The Beautiful Rage Of Friends Who Play Board Games Against Each Other

Canadian filmmaker Jay Cheel once worked for video game developer Silicon Knights, but in his 10-minute documentary The Politics of Competitive Board Gaming Amongst Friends, he focuses instead on tabletop gaming, casting his camera on his own friends while they play The Settlers of Catan. It's a beautiful, funny, and poignant look at how competition and friendship intersect when gaming dominance is on the line.

The Politics of Competitive Board Gaming Amongst Friends [Vimeo]


Comments

    That Catan board makes mine look like a cheap toy :(

      It is a cheap toy...

    Nice. I play D&D with a group of friends and after several years we pretty much know how far we can push each other. Occasionally there will be arguments about rules or the way the scenario is run or something random, and the arguments sometimes go beyond being good-natured. In the end you just need to think, 'we are here to have fun in each other's company'. The game is just a conduit to having fun.

    For more info on Board games, check out James Rolfes' (Angry Video Game Nerd), "Board James" videos at http://cinemassacre.com/category/boardjames/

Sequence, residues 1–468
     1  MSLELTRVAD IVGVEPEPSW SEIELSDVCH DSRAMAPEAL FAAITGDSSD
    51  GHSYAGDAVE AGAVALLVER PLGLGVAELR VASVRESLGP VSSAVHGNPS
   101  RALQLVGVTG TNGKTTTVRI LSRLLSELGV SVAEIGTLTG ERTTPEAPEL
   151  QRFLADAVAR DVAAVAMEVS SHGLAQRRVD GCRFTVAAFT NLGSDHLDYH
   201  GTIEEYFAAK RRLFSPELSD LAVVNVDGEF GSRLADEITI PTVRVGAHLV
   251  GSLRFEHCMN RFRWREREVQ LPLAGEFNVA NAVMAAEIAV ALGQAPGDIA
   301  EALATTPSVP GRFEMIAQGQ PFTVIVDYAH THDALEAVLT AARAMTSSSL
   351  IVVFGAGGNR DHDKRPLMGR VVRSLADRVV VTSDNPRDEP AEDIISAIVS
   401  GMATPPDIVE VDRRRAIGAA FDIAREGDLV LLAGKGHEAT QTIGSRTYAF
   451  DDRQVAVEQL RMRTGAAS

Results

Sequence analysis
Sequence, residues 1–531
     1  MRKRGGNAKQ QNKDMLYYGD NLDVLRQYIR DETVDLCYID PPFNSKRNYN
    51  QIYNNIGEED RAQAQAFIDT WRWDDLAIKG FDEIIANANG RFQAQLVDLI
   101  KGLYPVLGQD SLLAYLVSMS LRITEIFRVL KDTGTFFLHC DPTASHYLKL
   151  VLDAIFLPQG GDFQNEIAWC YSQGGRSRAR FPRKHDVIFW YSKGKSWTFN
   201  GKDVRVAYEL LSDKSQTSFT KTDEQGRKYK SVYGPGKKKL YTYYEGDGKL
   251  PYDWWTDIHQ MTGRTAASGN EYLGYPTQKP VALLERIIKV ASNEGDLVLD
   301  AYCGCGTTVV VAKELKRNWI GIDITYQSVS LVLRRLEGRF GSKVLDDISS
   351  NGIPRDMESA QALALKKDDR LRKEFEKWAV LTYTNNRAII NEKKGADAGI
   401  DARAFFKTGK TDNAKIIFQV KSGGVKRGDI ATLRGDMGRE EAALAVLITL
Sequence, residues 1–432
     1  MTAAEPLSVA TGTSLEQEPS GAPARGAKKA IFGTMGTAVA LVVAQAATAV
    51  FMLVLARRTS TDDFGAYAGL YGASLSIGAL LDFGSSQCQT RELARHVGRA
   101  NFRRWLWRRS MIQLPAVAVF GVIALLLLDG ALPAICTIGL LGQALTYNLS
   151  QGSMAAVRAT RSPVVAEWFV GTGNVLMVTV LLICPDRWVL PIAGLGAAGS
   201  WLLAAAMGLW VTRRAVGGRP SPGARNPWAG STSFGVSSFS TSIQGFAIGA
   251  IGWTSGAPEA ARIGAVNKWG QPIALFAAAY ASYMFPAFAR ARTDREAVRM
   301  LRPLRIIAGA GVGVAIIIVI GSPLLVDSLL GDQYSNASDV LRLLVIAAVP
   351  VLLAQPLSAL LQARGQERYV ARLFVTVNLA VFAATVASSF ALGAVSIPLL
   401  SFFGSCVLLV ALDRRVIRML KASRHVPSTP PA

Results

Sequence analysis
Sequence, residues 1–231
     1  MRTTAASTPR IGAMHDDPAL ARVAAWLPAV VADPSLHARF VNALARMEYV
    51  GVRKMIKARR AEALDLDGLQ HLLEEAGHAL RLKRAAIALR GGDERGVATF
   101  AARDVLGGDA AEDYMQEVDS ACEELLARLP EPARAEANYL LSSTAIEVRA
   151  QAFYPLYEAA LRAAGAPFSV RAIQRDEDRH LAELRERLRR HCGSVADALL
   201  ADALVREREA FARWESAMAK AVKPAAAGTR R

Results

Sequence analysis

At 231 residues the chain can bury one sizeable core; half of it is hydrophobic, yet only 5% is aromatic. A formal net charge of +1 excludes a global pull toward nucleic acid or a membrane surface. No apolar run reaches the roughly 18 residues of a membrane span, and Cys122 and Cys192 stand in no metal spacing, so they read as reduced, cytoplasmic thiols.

Also his Youtube channels, http://www.youtube.com/user/Cinemassacre?ob=0
    and http://www.youtube.com/user/JamesNintendoNerd?ob=0

    By the way, this is just an shameless plug, as he really makes some good stuff to do with games and film and whatnot.

    Being a Dungeon Master myself i know for a fact that any group can be pushed a little to far from time to time. I have experienced enough on the scene to understand how to resolve such issues as well.

    As a DM you are part story-teller, part adjudicator, part psychologist and part fortune teller.

    All of those and none at all in the same instant.

    If you are 1 more than another for any period of time, people realize and will call you on it - they might not know what it is you are doing and you might not either, but they will know - and the game won't work.

    Being a good DM is, to me, an exceptionally high expression of self.

    Aw, this doesn't describe the politics players generate as they make decisions during the game at all; it merely looks at the way the group interacts and behaves, with a focus on one incident of harassment. I wanted to hear about the way that picking on one another with gameplay actions affects a group dynamic, how players can resolve aggressive, adversarial gameplay choices with benevolent, friendly group dynamics. Ah well.

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